While the world patiently awaits for the arrival of the Apple Watch, whose release date is rumoured to be March 2015, other brands are launching their own versions of smart watches that relay a range of information from your phone to your wrist. “We have one more thing,” said Apple CEO Tim Cook at the presentation in Cupertino, California, and this thing is the Apple Watch that integrates seamlessly with an iPhone, or more specifically, devices with iOS8. The Apple Watch has lots of functions but the basic concept is that is transports messages from iPhone to watch so that you don’t have to take out your device to check notifications. So you can read messages and see who’s calling. It also incorporates sensors for bodily functions such as heartrate, and so it becomes a fitness tracker as well.
Other brands are taking note and moving in the same direction. Guess watches are mainly about fashion, and most are denim blue colour, but they have recently launched Guess Connect, a wearable tech timepiece developed with Martian Watches. This watch has software that can be updated or replaced over the years so that the watch is always perfectly compatible with the latest smartphones. It will offer voice command functions that are relayed to the smartphone by Bluetooth, using a microphone and audio speaker contained in the watch, so that the user can give voice commands, talk and listen (i.e. take and make calls), and respond to texts directly from the watch. There are free iOS and Android Apps that enable users to customize the watch and decide which notifications to feed to the device. Different notification types can be distinguished by different vibration patterns; in addition, there is a green LED on the dial, along with a rectangular window for the visual information. The most recent notifications can be recalled by tapping the watch glass. Guess have been making watches since 1983, and they think that this fashion smartwatch could be distributed not only through the brand’s retail fashion store network, but also through consumer electronics channels.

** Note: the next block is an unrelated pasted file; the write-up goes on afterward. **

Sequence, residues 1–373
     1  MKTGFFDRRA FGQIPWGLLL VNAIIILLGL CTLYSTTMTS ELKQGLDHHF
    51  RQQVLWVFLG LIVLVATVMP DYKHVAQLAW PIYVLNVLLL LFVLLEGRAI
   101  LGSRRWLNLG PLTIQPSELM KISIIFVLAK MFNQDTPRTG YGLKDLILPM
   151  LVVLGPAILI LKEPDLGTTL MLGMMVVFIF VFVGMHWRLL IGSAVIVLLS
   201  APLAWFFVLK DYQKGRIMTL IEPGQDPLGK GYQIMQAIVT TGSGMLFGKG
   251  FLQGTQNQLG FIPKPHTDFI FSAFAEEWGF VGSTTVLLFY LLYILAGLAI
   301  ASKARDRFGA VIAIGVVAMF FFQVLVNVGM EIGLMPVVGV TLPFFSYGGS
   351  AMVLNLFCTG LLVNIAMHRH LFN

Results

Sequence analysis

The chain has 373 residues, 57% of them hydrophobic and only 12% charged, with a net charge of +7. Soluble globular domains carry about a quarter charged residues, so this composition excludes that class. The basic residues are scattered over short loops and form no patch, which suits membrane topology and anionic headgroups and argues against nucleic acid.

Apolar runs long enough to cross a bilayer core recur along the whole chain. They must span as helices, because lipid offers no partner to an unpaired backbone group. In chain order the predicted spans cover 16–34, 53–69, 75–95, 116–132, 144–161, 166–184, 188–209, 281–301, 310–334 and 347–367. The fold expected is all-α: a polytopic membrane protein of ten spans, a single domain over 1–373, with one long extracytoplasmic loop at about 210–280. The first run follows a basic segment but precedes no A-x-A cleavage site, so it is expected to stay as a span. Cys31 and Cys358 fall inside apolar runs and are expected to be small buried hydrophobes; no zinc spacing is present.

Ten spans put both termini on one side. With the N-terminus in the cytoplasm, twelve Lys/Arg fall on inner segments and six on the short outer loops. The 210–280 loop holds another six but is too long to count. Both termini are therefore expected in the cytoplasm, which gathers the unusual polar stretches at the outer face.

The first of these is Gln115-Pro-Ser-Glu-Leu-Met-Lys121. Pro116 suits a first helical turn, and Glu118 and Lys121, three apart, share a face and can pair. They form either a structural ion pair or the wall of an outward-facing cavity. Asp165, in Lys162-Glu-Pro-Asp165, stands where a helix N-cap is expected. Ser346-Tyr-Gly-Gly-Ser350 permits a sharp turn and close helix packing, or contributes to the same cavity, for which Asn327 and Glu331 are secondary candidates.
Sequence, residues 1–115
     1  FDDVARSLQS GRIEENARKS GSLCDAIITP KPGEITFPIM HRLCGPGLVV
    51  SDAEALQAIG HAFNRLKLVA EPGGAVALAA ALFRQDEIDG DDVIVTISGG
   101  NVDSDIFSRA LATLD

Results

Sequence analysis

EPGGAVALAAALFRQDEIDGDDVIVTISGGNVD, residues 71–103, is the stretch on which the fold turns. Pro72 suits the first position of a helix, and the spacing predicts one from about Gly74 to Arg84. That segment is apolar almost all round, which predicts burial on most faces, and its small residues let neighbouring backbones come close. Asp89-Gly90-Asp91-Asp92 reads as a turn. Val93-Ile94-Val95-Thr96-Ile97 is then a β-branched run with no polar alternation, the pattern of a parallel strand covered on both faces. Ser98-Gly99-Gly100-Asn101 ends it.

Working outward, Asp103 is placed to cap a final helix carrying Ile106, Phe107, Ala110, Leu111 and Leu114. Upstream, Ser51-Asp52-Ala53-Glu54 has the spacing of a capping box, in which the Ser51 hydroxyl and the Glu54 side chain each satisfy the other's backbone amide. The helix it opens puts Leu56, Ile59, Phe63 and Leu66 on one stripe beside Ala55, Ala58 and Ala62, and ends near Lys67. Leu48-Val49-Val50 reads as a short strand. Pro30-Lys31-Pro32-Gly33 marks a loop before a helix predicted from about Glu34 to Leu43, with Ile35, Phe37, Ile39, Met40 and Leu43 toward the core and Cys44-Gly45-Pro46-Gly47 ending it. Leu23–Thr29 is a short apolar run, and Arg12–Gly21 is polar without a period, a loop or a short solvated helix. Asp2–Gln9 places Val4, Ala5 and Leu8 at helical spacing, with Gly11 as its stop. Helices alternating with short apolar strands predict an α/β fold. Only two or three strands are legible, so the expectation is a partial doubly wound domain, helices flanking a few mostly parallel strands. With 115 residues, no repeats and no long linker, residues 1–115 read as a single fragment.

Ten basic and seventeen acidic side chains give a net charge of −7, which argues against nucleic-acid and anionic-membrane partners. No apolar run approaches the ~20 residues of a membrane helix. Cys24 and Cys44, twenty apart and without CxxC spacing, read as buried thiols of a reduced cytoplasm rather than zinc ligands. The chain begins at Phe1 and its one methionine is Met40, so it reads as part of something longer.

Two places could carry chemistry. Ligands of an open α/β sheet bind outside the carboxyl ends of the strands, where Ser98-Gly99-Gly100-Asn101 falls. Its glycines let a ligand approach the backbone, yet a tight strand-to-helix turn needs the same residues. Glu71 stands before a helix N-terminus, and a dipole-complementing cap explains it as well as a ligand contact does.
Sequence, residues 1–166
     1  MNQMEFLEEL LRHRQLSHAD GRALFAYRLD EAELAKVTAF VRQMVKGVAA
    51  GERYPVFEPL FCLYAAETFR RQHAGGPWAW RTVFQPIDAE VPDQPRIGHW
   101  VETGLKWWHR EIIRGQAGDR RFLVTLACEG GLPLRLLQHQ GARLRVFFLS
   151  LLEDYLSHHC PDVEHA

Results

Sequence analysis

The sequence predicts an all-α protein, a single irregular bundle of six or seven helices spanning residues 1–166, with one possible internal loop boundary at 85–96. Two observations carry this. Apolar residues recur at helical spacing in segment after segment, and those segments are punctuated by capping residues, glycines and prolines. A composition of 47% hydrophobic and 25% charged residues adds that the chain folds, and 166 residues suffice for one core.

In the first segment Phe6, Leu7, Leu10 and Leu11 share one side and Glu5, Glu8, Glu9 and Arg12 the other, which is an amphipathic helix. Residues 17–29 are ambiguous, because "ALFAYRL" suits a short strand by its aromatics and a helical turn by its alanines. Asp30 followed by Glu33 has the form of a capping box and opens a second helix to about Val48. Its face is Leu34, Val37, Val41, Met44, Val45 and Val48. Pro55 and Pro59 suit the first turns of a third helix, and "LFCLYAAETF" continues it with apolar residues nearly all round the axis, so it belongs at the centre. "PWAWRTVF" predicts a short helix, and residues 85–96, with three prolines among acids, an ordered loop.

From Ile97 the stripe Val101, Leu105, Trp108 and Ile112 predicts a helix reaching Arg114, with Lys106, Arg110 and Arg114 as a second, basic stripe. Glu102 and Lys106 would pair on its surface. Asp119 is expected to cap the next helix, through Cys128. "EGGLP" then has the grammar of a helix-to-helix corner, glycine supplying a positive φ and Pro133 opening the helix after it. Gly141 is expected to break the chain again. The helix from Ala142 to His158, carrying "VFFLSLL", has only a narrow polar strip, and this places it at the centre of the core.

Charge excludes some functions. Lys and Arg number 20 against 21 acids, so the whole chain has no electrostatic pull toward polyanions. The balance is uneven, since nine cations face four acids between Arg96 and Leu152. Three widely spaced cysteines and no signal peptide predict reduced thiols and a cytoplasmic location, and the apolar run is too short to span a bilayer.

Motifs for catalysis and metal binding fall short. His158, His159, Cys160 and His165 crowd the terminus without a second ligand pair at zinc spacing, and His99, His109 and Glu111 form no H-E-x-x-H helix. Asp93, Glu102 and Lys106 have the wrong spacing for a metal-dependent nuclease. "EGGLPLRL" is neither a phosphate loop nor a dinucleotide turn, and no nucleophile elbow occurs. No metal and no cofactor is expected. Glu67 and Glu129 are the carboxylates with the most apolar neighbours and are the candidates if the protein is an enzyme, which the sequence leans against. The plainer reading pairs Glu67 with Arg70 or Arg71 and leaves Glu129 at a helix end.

Montblanc, with their e-Strap, have gone in a different direction, hiding the technology and placing it on the inside of the wrist, mounted on the strap of a classic mechanical watch. The functions are similar to other smart watch offerings, with a larger display when compared to the Guess watch above: you can read emails, see who’s calling, receive reminders, and use it as a health and fitness monitor during exercise. I described the Montblanc e-Strap here; it will be available from June 2015.
But there is one product already out there on the market that I think will make massive inroads into the market and radically change consumer attitudes to watches. The Garmin Vivosmart looks like a fashion wristband, a high-tech fashion bracelet that was one of the trends in men’s fashion in 2013 and 2014, just a sleek black band which comes to life with a touch and displays information in white lettering apparently floating on the surface of the black plastic. It’s all about fitness, counting steps, calories and distance, but it also displays the time, has vibration alerts notifying calls, texts and emails from your smartphone, and it reminds you to get up and move after one hour’s inactivity. It has an alarm clock and monitors your sleep, so it can be with you all day and all night, even in the shower with its water resistance rating of 5 ATM, 50 metres depth. My guess would be that it will be a product of this sort that becomes the game-changer for wrist-worn technology. The Garmin Vivosmart costs US$169.99, about €150. See more at http://www.garmin.com/